Curated by Cecilia Cenciarelli

Photo: La Petite vendeuse de soleil by Djibril Diop Mambéty (1999)



For more details on these retrospectives, please stay tuned, you’ll hear from us soon:


Jean Gabin – Wasn’t he the biggest of them all? If you haven’t made up your mind yet, this new retrospective on French star is designed for you.

Eduardo De Filippo – An uncategorisable artist, “Eduardo” wrote (plays, screenplays, novels, poems) and directed (stage, screen) with a sensibility that would more or less define Italian-ness. He is one of the essential figures of Neapolitan culture, and this retrospective of his films, following our Neapolitan focus last year, will be another exploration of that region’s rich cinematic heritage.

Youssef Chahine – The work of this giant of Arab cinema will be revisited in new restorations, thanks to the project promoted by Cinémathèque française and the Chahine estate. Nowhere in film history has classical storytelling been so gloriously married to revolutionary ideas, historical investigation and the microscopic study of a nation as in the works of this rebel of Egyptian cinema.

William Fox Presents: Rediscoveries from the Fox Film Corporation (Part II) – Last year Dave Kehr curated a selection of rare, overlooked gems produced under William Fox and directed by some of the greatest names in American cinema (Ford, Walsh, Borzage). His second instalment from the Fox Film collection held by the Museum of Modern Art and the UCLA Film and Television Archive contains even more great films and filmmakers.

16mm. Great Small Gauge – Political, personal and avant-garde films (featuring works by Margaret Tait, Maria Lassnig, Peter Hutton, and Martha Coburn among others), screened in their original format, one that stands for experimentation and freedom.

Georges Franju: documentary beyond the real – The co-founder of the Cinémathèque française in 1936 was both an innovator and a curator of film history. Even before he made his first fiction feature, he created one of the most impressive bodies of work in French cinema with his thirteen short films made between 1948 and 1958.


And don’t forget our classic strands:


Recovered and Restored – The best of the new restorations and discoveries from around the world.

In Search of Colour – Favourite and often obsolete colour formats will be explored in vintage prints and new restorations.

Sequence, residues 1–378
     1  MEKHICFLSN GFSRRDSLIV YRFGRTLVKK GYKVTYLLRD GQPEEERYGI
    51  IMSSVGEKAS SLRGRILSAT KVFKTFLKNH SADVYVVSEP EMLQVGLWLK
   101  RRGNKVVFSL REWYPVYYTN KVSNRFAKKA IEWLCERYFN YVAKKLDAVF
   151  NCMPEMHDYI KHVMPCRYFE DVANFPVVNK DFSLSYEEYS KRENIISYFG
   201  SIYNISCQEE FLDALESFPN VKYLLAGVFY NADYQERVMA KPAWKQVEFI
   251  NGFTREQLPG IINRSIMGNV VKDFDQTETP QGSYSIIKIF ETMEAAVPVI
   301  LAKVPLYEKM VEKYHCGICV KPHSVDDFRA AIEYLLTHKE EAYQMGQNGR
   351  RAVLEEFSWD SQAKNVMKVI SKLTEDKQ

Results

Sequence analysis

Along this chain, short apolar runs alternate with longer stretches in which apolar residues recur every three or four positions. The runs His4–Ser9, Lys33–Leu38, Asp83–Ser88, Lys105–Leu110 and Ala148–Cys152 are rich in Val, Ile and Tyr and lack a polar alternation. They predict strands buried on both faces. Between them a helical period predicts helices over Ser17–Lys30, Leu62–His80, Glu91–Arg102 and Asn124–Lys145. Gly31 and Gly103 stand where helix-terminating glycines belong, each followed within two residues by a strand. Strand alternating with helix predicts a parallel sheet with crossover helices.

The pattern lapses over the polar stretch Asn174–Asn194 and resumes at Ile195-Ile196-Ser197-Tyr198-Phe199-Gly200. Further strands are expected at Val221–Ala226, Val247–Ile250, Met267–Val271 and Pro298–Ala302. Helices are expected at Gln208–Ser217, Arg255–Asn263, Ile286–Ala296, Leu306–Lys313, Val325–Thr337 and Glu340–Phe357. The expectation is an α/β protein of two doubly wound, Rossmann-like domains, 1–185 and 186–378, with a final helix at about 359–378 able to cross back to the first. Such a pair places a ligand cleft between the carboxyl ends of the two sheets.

One Hundred Years Ago: 1919 – Riding back in our time machine to showcase some of the best and most surprising films made a century ago.

1899: Year Four of Cinema – There is more to early cinema than Méliès and the far-flung cameramen of the Frères Lumière. Discover sound film tests, home movies by affluent families and spectacular 68mm Mutoscope & Biograph films from the last year of the 19th century.

The Keaton Project – The comedy genius returns in new restorations, with live music.

Documents and Documentaries – Films on cinema and classic documentaries back on the big screen.

Il Cinema Ritrovato Kids – Films and workshops for our youngest and most curious audience.

Film Lectures – Legendary filmmakers, film restoration experts and prominent historians sharing their stories with you.

Il Cinema Ritrovato DVD Awards – An international jury picking the best releases of the year.

Book Fair – The most tempting collection of film books, DVDs and posters offered inside the Renzo Renzi Library. Leave some empty room in your luggage!


As always, Il Cinema Ritrovato aims to be a festival of reflection; a suspension of the audience’s familiar sense of time and space, during which past, present and future gloriously intersect. We hope Il Cinema Ritrovato XXXIII can offer you the leisurely sophistication of a Lubitsch comedy combined with the raw excitement of a Samuel Fuller western, and be filled with that unstoppable flow of joy and excess found in a Fellini. We hope to see you under the porticos of Bologna, on your way to the next screening.


Cecilia Cenciarelli, Gian Luca Farinelli, Ehsan Khoshbakht and Mariann Lewinsky

Directors of Il Cinema Ritrovato